So I implore you out there in the world: Give us a call, it can be mutually beneficial for both of us... We have a lot to offer, and currently a lot of mouths to feed, smart folks looking to be deployed. We will outsource this innovation for a bit of an economy to support our greatest commodity, the people who live here.

Check out the full article, and read more:
:: Portland and the Limits of Urban Planning Policy (The Urbanophile)
:: Portland Creatives Find New Ways to Work Together (Good)

From Mowing to Growing

Via BLDGBLOG, a competition announcement about one of the most intriguing competitions recently. This one investigates the ideas related to food and urban agriculture, the hot topic of the last year. One Prize is Organized by Terreform 1 with a subtheme: "From Mowing to Growing is not meant to transform each lawn into a garden, but to open us up to the possibilities of self-sustenance, organic growth, and perpetual change. In particular, we seek specific technical, urbanistic, and architectural strategies not simply for the food production required to feed the cities and suburbs, but the possibilities of diet, agriculture, and retrofitted facilities that could achieve that level within the constraints of the local climate."

:: image via BLDGBLOG

Perusing the One Prize website, it looks like another open-form (i.e. siteless) competition, which seems all the rage nowadays - allowing folks to envision a range of ideas around many themes... some listed in question format on the site include:

  • How can we break the American love affair with the suburban lawn?
  • Can green houses be incorporated in skyscrapers?
  • What are the urban design strategies for food production in cities?
  • Can food grow on rooftops, parking lots, building facades?
  • What is required to remove foreclosure signs on lawns and convert them to gardens?
The jury is quite a collection, and should yield some interesting visions of answers for these questions. The real wonder for me is what the relevance of these visions will be in exploring new ways of thinking about food, agriculture, lawns, urban patterns, and economics in today's society. Many of these ideas have been tossed out in the past 12-18 months - so none of these are earth-shattering questions, and most (edible estates, vertical farming, urban agriculture, building-integrated agriculture, and vacant/ephemeral gardens) are based on older or simple ideas which have emerged and re-emerged and have become part of the overall dialogue.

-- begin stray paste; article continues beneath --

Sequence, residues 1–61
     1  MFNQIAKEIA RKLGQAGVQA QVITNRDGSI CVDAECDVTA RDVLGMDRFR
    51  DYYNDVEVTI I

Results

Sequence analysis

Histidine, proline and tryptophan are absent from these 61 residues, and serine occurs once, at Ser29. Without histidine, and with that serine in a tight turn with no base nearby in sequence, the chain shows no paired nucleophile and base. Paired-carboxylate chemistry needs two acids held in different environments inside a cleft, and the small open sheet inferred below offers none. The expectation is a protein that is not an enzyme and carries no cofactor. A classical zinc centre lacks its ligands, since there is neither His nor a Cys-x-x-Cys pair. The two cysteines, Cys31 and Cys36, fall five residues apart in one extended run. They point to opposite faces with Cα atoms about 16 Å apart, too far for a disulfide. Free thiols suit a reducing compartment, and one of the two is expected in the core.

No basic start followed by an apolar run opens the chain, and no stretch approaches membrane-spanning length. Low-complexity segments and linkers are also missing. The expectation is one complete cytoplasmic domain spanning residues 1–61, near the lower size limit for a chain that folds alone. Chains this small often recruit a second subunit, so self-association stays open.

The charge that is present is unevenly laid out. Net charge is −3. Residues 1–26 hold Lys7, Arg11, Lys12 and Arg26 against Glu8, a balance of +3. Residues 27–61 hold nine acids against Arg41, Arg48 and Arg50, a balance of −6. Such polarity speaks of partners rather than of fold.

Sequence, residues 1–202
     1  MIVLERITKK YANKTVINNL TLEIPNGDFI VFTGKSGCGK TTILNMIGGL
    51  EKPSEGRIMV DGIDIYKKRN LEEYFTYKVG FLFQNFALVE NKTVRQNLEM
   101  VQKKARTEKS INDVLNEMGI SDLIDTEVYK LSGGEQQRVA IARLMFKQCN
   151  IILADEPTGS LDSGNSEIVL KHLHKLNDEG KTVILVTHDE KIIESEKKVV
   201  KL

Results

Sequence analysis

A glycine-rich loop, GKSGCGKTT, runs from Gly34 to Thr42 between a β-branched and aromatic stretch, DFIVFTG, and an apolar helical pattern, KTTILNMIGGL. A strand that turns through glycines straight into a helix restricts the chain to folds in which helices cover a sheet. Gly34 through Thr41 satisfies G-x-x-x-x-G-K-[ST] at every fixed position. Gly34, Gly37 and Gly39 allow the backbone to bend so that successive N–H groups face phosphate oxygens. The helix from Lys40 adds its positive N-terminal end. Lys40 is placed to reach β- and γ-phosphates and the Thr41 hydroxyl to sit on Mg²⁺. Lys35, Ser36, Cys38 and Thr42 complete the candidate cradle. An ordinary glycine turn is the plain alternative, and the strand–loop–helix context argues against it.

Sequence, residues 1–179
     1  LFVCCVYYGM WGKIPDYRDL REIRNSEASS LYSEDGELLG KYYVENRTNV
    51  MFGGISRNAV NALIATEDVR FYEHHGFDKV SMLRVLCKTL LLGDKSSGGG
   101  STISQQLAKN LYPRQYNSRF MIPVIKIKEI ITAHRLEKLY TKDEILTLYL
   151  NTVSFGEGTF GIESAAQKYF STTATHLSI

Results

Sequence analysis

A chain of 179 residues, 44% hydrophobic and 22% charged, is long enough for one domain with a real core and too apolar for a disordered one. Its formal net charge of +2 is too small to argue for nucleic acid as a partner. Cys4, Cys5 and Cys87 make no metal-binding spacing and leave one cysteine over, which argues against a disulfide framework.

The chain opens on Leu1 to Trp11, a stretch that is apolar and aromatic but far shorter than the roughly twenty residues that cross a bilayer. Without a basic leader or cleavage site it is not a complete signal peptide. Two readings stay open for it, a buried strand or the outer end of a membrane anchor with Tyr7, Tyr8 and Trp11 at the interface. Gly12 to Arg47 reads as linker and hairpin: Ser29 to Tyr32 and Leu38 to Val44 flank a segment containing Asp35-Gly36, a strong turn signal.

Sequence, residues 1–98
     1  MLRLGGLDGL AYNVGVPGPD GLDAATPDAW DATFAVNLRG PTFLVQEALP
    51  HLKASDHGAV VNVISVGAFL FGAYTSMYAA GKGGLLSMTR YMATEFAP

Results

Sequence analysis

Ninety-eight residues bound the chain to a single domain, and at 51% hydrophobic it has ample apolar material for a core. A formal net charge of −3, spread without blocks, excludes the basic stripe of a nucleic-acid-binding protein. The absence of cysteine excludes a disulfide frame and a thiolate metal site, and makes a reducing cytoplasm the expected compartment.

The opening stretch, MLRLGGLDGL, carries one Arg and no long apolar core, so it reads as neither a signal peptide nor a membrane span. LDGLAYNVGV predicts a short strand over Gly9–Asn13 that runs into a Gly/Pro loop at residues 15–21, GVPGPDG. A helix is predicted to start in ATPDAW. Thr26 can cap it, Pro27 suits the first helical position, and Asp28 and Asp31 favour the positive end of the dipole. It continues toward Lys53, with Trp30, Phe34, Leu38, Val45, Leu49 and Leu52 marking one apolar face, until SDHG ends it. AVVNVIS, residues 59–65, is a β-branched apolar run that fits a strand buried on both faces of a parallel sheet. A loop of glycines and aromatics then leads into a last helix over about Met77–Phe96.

I hope the competition entries will look beyond what we're already talking about in recent references and think, explore, expand, with the innate lack of competitional constraints, on the true nature and essence of these questions - not just with eye-popping visuals or new terms applied to the old... should be fun.

Saturday, January 16, 2010


While the recent explosion of interesting and application of Green Streets is well documented, the announcement of a new program to provide sustainability metrics for Greenroads comes at an opportune time when infrastructure seems to be one of the only things getting funded. From the website (which is still under construction): "Greenroads is a sustainability performance metric for roadway design and construction. It is applicable to new and reconstructed/rehabilitated roadways. It awards points for approved sustainable choices/practices and can be used to assess roadway project sustainability."

I have an increasingly growing stack of sustainable rating systems (beyond LEED) on my desk which seem to fall into three categories: 1) systems coming up with a different methods of measuring or delivering the same things (Earth Advantage, Green Globes), 2) ones that attempt to raise the bar of sustainability to new levels (Living Building Challenge), and 3) attempts to provide metrics for project types that are not addressed or applicable within current systems (Sustainable Sites).